Bill allowing second homes in rural areas advances (copy)

This 2016 file photo shows a newly constructed accessory dwelling unit over a garage behind a home in Bend.

Longtime small-housing advocate Kol Peterson studied data from the city of Portland and found permits for accessory dwelling units decreased in 2019.

He thinks the decline stems from a flurry of interested homeowners applying for a permit, before the rules changed in 2018, to benefit from fee-waiver incentives with no restrictions on short-term rentals.

Some of the permits were used to build in 2019, creating “an artificial acceleration of ADU activity resulting in a ‘boom’ of ADU permits,” Peterson explains on AccessoryDwellings.org, an online resource that posts case studies and updates on ADUs, which is still a rare form of housing.

Seven ADU permits were issued by the city in 1995 followed by small increases until 2011 when the city approved 93 permits. That number more than doubled to 206 by 2014 then quadrupled to 376 in 2015.

By 2016, there were almost six times as many permits issued – 545 – before the total fell to 511 in 2017 and 488 in 2018.

Last year, issued permits dropped to 315.

While the number of permits for self-contained, smaller second homes is down, interest remains high. So far, about 2,487 legal ADUs have been built in Portland, with another 652 under inspection.

A Portland Homeowner Report released recently by Pro.com found that 84 percent of Portland homeowners who participated in the survey believe accessory dwelling units make homes more appealing to potential buyers.

In Portland, the most popular ADUs are living spaces for elderly relatives, adult children and family friends, and as income-producing apartments to rent, 36% each, respectively, according to the Pro.com survey.

More developers are including a flexible living space with a separate entrance – a home within a home – that grants privacy to a member of a multigenerational family or tenant who helps pay the mortgage.

The “gen suite” was first popularized by the Lennar Corp., which introduced its NextGen floor plan in 2011 after the recession and foreclosure crisis, when extended families moved back in together to save on housing costs.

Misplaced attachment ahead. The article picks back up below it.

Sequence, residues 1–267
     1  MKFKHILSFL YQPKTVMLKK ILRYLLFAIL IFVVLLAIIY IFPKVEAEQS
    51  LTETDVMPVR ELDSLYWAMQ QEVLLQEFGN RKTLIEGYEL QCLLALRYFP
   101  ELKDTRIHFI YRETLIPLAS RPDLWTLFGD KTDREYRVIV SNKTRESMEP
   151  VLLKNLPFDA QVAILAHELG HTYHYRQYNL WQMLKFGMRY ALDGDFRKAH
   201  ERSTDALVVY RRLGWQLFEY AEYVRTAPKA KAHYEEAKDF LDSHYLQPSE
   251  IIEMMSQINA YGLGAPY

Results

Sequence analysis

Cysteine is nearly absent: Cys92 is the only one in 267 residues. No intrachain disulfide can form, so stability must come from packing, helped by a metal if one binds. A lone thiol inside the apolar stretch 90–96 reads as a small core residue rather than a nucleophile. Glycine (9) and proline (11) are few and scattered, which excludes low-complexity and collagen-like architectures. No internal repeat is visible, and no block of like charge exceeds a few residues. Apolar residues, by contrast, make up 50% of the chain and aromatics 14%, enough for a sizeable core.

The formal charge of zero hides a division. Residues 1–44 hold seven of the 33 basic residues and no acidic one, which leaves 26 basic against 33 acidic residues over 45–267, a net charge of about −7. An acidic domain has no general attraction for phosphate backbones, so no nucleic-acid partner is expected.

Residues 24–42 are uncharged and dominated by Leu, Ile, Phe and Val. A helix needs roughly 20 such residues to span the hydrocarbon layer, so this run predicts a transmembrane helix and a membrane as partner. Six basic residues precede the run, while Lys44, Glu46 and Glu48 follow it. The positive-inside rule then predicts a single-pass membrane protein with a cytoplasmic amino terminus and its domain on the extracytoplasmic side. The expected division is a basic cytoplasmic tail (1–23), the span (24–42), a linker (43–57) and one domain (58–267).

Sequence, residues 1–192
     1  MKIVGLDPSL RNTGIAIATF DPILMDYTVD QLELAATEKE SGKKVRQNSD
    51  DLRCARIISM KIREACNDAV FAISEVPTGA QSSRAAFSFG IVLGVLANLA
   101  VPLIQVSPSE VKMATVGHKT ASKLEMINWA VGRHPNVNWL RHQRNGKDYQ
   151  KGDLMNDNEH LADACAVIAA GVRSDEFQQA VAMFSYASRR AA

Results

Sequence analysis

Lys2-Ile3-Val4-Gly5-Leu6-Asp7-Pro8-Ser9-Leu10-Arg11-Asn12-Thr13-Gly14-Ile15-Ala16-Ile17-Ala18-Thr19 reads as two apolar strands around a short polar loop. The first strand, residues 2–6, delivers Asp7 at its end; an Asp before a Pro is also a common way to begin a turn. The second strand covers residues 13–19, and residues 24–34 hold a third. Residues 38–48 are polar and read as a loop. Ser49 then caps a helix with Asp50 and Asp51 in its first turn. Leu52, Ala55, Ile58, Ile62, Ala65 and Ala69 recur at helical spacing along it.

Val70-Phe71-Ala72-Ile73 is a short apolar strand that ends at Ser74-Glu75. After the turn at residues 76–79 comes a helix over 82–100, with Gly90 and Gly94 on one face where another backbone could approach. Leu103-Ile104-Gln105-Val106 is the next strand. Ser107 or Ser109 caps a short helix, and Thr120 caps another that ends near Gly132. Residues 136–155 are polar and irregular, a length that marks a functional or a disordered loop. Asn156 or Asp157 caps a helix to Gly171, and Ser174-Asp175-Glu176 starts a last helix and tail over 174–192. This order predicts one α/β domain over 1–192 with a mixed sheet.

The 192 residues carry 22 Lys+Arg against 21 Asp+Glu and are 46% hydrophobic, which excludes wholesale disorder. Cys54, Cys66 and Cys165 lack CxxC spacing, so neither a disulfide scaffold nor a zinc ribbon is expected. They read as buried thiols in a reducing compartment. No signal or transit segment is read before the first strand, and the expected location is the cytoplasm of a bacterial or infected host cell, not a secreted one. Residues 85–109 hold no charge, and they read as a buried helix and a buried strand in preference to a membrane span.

The Regional Multiple Listing Service added a new search field that allows real estate agents, appraisers, buyers and sellers to quickly find Oregon residential properties with a second, separate dwelling.

Architects and designers are increasingly being hired to plan space- and energy-efficient guest homes and manufacturers are building prefabricated micro units to sit on foundations in backyards.

Homeowners add an apartment wing to an existing house, carve out space from underused rooms inside the residence or convert an unfinished basement or structurally sound garage into new living quarters.

Or they can erect a second story to the garage or standalone, stick-framed structure on the property.

These are not the DIY basement conversions of 20 years ago, but highly specialized projects, says Matt Williams, founder and CEO of Pro.com, which has a team of construction experts who work with architects, designers and engineers to build custom ADUs.

He says his clients are motivated to leverage their land to increase its value, use and enjoyment.

Population growth and thicker density also create a need and desire for separate living spaces, and accessory dwelling units are one solution, Williams says, especially for people with a low mortgage or who like their location but need more space or want to rent out an apartment for added income.

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